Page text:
By day he would walk up and down Hamra Street, and at night, when he grew weary and the city fell asleep, he went to the rocks across from the famous Raouché rock and succumbed to a fitful sleep.
On the third night, he tried his luck with a church. He jumped over its wall, but was surprised to find the church minister standing tall before him, “I hastened to calm the clergyman. I assured him that I am not a thief, and then I listed the reasons for my escape from Jordan.”
But, because he was afraid that the cleric would throw him out, Khalaf skipped over the particulars of his homosexuality, very much aware of the Church’s severe stance and refusal when it comes to the issues of sexual orientation.
Surprisingly enough, things went quite smoothly. The clergyman checked his passport and then took him to a room downstairs, “He supplied me with a mattress, ordered some hot food from a restaurant for me, gave me two hundred dollars, and allowed me to stay until I found a place to live.”
Into the unknown
The southern suburbs of Beirut, Dahieh, specifically the al-Laylaki area, became Khalaf Yousef’s semi-secret home address for a year and a half. A Lebanese girl from a Bekaa clan found him a room inside a building that provides university housing, and on the day he moved in, he kept seeing more and more party flags and photos, but he paid them no heed.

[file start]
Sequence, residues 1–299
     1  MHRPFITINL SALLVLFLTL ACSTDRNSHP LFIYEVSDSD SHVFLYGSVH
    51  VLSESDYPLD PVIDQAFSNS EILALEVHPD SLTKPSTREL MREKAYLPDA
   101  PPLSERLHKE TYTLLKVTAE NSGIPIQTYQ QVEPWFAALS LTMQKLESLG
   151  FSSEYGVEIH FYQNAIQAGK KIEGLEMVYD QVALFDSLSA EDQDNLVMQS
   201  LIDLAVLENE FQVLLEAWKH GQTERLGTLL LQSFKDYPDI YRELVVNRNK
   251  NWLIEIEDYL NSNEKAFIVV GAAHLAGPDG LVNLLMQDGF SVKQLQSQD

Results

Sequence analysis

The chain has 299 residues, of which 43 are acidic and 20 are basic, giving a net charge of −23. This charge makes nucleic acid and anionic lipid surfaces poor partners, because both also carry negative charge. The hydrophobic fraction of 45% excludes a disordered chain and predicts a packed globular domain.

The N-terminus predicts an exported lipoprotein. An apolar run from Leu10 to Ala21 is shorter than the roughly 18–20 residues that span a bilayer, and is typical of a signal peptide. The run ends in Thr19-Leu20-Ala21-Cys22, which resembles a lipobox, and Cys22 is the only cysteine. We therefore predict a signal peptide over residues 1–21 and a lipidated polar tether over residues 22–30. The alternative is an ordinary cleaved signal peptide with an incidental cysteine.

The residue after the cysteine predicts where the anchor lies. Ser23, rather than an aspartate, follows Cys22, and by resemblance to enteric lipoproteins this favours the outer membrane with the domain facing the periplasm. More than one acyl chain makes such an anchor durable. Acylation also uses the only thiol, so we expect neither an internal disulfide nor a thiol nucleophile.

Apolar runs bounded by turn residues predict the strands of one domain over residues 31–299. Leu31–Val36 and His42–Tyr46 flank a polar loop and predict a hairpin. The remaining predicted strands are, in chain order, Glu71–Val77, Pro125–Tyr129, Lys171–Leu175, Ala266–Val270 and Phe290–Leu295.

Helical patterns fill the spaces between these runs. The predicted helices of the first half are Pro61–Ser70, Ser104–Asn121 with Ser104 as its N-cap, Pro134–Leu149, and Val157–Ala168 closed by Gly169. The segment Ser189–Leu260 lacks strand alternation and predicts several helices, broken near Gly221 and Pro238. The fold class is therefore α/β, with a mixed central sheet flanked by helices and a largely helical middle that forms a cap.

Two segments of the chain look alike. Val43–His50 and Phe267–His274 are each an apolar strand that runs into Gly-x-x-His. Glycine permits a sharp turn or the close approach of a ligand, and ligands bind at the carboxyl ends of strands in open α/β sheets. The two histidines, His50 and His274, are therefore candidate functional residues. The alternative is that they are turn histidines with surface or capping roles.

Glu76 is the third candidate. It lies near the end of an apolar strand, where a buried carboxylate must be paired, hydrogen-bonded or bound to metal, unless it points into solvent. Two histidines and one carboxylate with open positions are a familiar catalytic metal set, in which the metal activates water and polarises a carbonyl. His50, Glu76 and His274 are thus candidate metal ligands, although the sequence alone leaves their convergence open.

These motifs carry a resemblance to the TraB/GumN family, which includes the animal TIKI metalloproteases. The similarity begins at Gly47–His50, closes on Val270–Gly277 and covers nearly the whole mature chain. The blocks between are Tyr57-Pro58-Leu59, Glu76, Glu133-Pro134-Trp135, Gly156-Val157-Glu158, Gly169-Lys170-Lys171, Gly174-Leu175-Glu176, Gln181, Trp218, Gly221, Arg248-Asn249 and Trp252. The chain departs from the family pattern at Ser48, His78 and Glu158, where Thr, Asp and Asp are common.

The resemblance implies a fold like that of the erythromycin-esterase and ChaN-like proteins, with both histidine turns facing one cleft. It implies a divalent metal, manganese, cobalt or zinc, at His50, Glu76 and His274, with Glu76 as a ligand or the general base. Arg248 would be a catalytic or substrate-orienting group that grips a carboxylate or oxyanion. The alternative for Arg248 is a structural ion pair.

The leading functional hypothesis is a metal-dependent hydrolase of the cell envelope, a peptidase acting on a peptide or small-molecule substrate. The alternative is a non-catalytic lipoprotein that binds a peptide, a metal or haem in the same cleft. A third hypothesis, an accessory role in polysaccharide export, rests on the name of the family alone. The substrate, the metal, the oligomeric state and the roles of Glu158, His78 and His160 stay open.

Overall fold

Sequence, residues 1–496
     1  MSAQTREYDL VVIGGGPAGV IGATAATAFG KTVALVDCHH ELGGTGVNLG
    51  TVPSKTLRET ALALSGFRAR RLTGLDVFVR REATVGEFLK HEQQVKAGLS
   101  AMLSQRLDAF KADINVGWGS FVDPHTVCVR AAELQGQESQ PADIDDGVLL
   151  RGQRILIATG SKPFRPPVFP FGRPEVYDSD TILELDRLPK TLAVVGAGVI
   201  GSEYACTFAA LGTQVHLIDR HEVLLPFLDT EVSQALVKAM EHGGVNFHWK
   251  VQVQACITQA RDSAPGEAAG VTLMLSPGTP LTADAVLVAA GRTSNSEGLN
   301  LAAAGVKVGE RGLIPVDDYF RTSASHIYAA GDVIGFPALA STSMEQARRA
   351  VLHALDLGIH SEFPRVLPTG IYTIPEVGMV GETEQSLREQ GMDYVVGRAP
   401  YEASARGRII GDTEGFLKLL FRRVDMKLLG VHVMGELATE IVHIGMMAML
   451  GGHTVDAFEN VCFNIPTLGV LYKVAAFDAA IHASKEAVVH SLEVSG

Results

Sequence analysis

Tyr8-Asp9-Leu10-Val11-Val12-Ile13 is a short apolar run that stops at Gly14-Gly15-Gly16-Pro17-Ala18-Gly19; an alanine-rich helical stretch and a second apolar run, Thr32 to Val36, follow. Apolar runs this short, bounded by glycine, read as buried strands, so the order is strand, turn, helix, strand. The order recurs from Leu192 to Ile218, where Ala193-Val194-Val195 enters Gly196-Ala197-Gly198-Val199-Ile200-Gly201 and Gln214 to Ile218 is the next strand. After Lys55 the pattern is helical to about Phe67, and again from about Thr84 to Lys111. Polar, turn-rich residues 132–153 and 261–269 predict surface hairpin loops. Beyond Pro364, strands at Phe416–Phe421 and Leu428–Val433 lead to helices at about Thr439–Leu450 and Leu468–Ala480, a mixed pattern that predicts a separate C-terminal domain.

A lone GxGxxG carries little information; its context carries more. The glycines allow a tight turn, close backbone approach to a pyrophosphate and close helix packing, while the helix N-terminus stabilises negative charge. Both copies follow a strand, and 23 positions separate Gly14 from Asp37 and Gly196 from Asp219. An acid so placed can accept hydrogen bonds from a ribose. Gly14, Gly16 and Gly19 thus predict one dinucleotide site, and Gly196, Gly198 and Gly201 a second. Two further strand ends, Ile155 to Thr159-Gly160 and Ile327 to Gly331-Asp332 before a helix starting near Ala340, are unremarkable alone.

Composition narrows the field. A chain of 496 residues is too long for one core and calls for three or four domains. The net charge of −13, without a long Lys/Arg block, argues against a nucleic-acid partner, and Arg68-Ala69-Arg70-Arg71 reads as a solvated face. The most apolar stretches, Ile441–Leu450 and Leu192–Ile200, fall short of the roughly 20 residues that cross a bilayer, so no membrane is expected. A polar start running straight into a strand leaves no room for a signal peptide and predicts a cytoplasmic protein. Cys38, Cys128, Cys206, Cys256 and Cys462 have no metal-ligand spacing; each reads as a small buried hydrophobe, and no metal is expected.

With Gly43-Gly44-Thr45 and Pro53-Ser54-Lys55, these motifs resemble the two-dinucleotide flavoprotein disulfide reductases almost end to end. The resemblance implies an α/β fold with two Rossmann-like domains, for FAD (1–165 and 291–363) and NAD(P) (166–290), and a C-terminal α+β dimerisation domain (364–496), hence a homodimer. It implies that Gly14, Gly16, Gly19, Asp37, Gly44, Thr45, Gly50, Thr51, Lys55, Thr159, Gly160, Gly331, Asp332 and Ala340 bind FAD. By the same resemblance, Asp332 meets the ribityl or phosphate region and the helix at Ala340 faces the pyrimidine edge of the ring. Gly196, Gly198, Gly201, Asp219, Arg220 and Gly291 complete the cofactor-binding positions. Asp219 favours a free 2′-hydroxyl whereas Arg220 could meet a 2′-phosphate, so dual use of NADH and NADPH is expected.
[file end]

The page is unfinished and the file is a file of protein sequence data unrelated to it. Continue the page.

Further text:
A friend later told him that by moving to Dahieh, it was as if he was throwing himself into the jaws of the unknown, especially in such an unfamiliar area with active drug dealers.
He asked him: What if this socially and religiously conservative environment discovered his sexual orientation and atheistic views? What if security alerted the forces on the ground to the presence of a Jordanian living in their midst, along with all the accompanying security doubts that would arise around him?
These were all questions that Khalaf did not have the luxury or time to find the answers for. His main concern was to find a roof over his head, four walls to stand around him, and a soft pillow.
Unfortunate happenstance saw him sharing his dormitory in the al-Malak Building in the al-Laylaki neighborhood with a young man named Shadi (false name). Two weeks after the roommate dragged him into a minor dispute, his body was found under a bridge in the Sin el Fil area of Beirut.
Khalaf became a part of the ensuing investigation, and was interrogated for six hours in three intervals that raised his adrenaline levels, especially since he was afraid of where the investigation would lead and the possibility of them looking into his identity or asking the Jordanian authorities for information about him.
Naturally, he avoided mentioning any details about his sexual identity for fear that he may open doors he doesn’t know where they’d lead, especially since he was well aware of the fact that Lebanese law criminalizes homosexuality, and the abuses that security services commit against members of the LGBTQ community, and especially following the Hammam al-Agha Turkish bathhouse raid.